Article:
Arthritis affects about one in every five people in the United States according to the National Institutes of Health, That's a lot of people... and as the population ages it will be even more people.
Actually, Arthritis is not one single disease but a category that includes many conditions and disorders that involve your joints. Osteoarthritis and rheumatoid arthritis are the most common of these diseases.
Most of us don't realize how much good nutrition may improve the way we feel. Many doctors don't support nutrition as part of the treatment for arthritis because they feel the clinical evidence is not strong enough for them to suggest it to patients. Even so there are a few studies that show there are foods that can irritate arthritis (saturated fat, trans fat) and make it worse and there are some foods that can help ease the pain.
Here are a few of the foods that can improve the way you feel with arthritis:
Foods that contain omega-3 fatty acids
Omega-3s help decrease inflammation by suppressing the production of cytokines (Cytokines are small secreted proteins which help regulate immunity and inflammation.) and other enzymes that erode cartilage. Several studies report that omega-3 fish oils can reduce the painful symptoms of rheumatoid arthritis. There is not much evidence whether fish oil can affect osteoarthritis, but most physicians recommend a omega-3 rich diet because it has such positive effects. Foods that contain omega-3 fatty acids are salmon, herring, sardines, flaxseed, trout and walnuts.
Foods that contain extra-virgin olive oil and canola oil
Cooking with olive oil instead of vegetable oil or butter is good for you because olive oil is the good, monounsaturated fat. It protects your body against inflammation because it contains antioxidants called polyphenols ( Polyphenols act as antioxidants. They protect cells and body chemicals against damage caused by free radicals and reactive atoms that contribute to tissue damage in the body.) Be careful, however, not to pour it on. It is an oil and has calories.
Antioxidants - vitamin C, selenium, carotenes, bioflavonoid
Free radicals develop from inflammation in response to your body's natural processes. Antioxidants protect the body from the effects of free radicals and are an important part of an anti-inflammation diet. Some of the important free radicals are:
Vitamin C is important for the production of collagen which is a major component of cartilage. People who eat a low vitamin C diet are at a higher risk of developing arthritis. On the other hand, long-term high-dose vitamin C supplements may make osteoarthritis worse. That's one of the reasons why many doctors recommend that their patients get their vitamin C from food sources rather than from supplements. Foods which are a good source of vitamin C include: guava, sweet peppers, organs, grapefruits, broccoli, kale, kiwi, brussel sprouts and mustard greens.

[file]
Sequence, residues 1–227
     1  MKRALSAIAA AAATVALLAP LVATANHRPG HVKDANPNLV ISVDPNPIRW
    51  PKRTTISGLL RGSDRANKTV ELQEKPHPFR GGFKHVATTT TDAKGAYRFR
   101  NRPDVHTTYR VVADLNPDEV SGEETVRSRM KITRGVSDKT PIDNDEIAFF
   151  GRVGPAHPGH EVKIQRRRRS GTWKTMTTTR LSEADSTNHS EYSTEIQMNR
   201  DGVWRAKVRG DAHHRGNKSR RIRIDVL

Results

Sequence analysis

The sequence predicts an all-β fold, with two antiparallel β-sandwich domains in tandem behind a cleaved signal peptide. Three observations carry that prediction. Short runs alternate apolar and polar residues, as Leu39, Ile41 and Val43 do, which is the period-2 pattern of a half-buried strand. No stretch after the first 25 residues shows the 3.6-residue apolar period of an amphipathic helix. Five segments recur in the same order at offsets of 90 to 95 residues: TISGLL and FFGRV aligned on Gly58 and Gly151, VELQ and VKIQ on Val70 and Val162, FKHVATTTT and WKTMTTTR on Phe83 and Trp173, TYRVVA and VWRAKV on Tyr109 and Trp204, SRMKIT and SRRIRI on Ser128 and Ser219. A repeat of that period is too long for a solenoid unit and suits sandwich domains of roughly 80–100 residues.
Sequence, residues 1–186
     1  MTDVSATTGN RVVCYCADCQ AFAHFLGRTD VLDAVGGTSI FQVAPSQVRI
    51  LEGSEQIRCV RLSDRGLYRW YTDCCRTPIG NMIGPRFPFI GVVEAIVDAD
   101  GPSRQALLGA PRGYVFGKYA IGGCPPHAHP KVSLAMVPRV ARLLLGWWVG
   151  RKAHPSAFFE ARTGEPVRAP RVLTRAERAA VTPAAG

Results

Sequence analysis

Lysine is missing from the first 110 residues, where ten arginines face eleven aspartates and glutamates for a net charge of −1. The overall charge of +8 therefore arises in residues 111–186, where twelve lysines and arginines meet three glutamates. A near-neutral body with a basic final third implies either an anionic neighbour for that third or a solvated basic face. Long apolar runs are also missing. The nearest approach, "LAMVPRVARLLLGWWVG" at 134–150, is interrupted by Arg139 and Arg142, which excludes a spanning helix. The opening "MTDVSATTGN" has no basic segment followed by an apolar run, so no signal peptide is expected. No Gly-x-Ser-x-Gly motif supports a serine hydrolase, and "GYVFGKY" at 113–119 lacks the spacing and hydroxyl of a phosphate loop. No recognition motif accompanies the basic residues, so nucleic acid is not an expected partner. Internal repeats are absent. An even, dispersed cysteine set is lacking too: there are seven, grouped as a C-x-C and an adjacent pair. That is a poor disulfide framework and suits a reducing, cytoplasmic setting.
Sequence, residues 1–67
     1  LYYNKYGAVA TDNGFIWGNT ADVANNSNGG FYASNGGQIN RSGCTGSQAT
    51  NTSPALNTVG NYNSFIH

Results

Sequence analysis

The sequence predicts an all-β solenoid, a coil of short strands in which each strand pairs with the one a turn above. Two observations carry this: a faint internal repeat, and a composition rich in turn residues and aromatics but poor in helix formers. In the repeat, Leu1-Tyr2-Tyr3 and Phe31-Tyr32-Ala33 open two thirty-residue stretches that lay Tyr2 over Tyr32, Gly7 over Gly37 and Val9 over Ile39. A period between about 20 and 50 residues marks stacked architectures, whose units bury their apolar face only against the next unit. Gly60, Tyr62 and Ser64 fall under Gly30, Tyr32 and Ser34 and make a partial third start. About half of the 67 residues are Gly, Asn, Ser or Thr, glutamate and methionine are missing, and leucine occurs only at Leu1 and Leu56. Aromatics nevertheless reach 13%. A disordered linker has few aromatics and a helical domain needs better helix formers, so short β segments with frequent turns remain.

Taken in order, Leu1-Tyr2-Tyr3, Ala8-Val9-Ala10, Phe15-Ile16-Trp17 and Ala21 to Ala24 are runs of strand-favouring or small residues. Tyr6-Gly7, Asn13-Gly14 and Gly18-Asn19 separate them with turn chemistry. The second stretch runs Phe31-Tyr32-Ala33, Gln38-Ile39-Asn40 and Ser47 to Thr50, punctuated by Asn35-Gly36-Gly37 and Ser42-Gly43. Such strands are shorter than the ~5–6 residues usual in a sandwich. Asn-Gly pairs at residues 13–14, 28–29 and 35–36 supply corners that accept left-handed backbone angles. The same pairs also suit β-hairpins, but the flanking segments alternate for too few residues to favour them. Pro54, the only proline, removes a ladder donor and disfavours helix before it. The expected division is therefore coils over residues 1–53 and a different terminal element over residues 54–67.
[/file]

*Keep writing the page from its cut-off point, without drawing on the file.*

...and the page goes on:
Patients with low levels of selenium are more at risk for severe arthritis
compared with those who ate a selenium-rich diet. Good foods containing selenium are: tuna, crab, lean beef, shrimp, whole grains, turkey and wheat germ.
Many fruits and vegetables contain carotenoids, a group of powerful antioxidants. Carotene is the best known among them . Some of the best foods for beta carotene include: sweet potato, carrots, kale, spinach, sweet red pepper, apricots and cantaloupe. Research in the U.K. found that people who ate diets high in carotenes were half as likely to develop inflammatory arthritis.
Bioflavonoids - quercetin and anthocyanidins:
These are both antioxidants. The anti-inflammatory effects of quercetin are similar to medications such as aspirin and ibuprofen. Good sources for quercetin are: onions, leeks, cherry tomatoes, broccoli, and apricots, The anti-inflammatory anthocyanidins seem to inhibit the production of certain inflammatory chemicals. Good food sources for this antioxidant are blueberries, eggplant, cherries, strawberries and plums.
Spices - ginger and turmeric
Spices, like salt, are a part of nutrition. They are derived from plant sources and they can have positive effects on your health. Some spices, like ginger and turmeric, have anti-inflammatory effects and can reduce arthritic discomfort. However, ginger can also act as a blood thinner so those taking a blood-thinning medication should discuss adding ginger to their diet with their physician before they do anything.
To incorporate more ginger into your diet, grate fresh ginger into stir fries, or enjoy ginger tea and low-fat ginger muffins.
Always eliminate the possibility of a food allergy if you're trying something new. To reduce your pain from arthritis, avoid meet, eat lots of foods with fish oils and include ginger in your diet.
There are dozens of foods that can ease the symptoms of arthritis and probably help prevent it in the first place. Hopefully, these suggestions will give you some relief.